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Water Resources Bill: FG Insists On Power To Control, Manage Rivers



By Ahuraka Isah and Solomon Ayado, Abuja

The federal government yesterday insisted that it was entrusted with power of control and management of rivers in the country.

This is just as it is making fresh move to see to the passage of the National Water Resources Bill 2018, after it was stepped down on the floor of the Senate last month at the third reading stage.

The Bill, which came by way of Executive Bill, generated a crisis  crisis on the floor of the Senate on May 24 this year following the contentious provisions seeking, amongst others, the federal government’s exclusive control and management of rivers and lakes in the country.

The Bill also seeks to establish a regulatory framework for the water resources sector in Nigeria, just as it is to provide for the equitable and sustainable development, management, use and conservation of Nigeria’s surface and ground water resources and for related matters.

However, the presidency, through the Senior Special Assistant (SSA) to President Muhammadu Buhari on National Assembly Matters (Senate), Senator Ita  Enang, at a press briefing yesterday, said the intent of the bill was misunderstood by lawmakers who kicked against it at the last stage of consideration,  with some Nigerians making negative comments on it.

“The National Water Resources Bill 2018 which was forwarded to the National Assembly in 2016 as an executive bill seeks to bring about conglomeration , amalgamation and consolidation of all the existing laws on control and management of water flowing from one state to the other “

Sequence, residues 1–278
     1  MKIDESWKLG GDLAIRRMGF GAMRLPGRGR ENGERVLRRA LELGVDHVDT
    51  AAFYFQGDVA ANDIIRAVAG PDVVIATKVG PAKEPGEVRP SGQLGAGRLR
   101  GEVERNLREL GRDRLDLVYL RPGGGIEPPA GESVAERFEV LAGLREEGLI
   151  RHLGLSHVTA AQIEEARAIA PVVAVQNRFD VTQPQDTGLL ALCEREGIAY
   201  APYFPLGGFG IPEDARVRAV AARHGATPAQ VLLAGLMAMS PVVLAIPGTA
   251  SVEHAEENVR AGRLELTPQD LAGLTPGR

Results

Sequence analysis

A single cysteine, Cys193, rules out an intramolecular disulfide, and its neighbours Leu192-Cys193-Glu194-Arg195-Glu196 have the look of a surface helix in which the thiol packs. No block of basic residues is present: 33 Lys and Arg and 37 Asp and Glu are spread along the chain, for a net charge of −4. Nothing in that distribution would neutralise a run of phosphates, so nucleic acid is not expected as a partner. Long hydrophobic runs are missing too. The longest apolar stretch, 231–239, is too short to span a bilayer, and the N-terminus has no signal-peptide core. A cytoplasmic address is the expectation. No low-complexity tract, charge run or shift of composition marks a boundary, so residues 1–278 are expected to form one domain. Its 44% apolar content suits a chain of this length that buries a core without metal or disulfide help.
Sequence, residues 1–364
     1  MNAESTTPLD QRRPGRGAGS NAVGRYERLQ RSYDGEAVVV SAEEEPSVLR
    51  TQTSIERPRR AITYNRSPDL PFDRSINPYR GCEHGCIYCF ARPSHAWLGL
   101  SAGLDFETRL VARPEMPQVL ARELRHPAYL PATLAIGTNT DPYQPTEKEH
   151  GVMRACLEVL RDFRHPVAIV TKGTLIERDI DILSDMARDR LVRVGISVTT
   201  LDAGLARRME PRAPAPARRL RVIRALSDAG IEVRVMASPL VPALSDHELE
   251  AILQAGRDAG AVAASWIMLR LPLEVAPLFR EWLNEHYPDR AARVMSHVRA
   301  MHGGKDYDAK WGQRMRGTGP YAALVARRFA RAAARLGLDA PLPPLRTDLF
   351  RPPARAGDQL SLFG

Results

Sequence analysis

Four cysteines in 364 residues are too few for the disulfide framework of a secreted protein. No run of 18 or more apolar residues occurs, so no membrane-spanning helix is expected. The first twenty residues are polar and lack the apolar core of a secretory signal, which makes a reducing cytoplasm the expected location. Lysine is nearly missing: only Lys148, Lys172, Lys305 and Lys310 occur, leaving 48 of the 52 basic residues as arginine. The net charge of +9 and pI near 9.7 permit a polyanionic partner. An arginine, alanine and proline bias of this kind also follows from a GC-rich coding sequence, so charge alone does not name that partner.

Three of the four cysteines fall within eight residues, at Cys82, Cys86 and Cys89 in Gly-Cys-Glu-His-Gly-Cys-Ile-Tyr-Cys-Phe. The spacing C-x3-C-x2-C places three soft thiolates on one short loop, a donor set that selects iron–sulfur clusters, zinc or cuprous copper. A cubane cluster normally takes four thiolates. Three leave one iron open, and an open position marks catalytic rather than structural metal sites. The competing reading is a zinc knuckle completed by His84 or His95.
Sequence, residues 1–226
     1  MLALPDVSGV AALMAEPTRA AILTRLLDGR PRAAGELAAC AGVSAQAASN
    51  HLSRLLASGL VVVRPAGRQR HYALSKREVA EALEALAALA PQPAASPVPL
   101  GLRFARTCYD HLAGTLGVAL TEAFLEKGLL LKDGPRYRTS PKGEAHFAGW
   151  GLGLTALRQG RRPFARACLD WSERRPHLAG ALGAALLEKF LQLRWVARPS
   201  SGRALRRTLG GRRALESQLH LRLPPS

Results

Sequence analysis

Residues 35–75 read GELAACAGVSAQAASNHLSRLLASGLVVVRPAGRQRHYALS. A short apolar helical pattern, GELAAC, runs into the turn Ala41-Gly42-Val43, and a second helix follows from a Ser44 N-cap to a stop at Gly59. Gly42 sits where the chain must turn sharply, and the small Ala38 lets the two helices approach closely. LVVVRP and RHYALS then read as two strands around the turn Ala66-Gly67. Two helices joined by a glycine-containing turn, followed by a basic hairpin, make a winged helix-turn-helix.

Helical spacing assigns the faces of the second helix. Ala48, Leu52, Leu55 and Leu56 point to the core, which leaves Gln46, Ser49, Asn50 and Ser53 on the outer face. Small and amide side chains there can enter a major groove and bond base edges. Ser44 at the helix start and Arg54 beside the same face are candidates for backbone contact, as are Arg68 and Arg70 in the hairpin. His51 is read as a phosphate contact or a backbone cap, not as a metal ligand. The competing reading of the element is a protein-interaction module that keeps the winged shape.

The intent of the bill, he added, is to make Nigerian waterways practice in tandem with global best practices.

He explained further that the bill does not intend to confer any new power on the federal government as regards management and control of waterways in the country, but to harmonize all the laws and Acts into one document.

“Prior to the National Water Resources bill, various extant laws, like the Water Act of 1993,  National Water Resource Institute Act of 1985, River Basin Development Authority Act of  1986 and Nigeria Hydrological Act Services Agencies Establishment Act of 2010, had already in one way or the other given the right of control and management of rivers to the federal government as constitutionally provided for by item 64 of the exclusive legislative list in part 1 of the second schedule of the 1999 constitution of the Federal Republic of Nigeria, as amended”, he said .

The constitutional provision, according to him, states, “The right to the use, management and control of all surface water and ground water affecting more than one state, pursuant to item 64 of the exclusive legislative list in part 1 of the second schedule to the constitution of the Federal Republic of Nigeria, 1999, as amended , and as set out in the first schedule to this Act, together with the beds and banks , is vested in the provisions of this Act.”

Enang at the briefing stressed that the purpose of his explanations was not to argue against or condemn the Senate for stepping down the bill for now, but to make Nigerians know that there was no sinister motive behind the bill as being speculated on social media platforms and articles in the newspapers.

Meanwhile, a report on the contentious bill expected to have been submitted to the Senate on the May 30 by the ad- hoc committee hurriedly set up for that purpose is still being awaited even while the Senate has gone on recess till July 3, 2018.

Senators Godswill Akpabio, Gbenga Ashafa, Adeola Olamilekan and others had during debate on the bill argued that it will create more controversy for Nigerians, since all the rivers in Nigeria cut across two or more states, which, according to them, implies that the federal government will be in control of all the waters and resources in the country.

They argued that the right thing should be for the Bill to specify the rivers which the federal government should take over.


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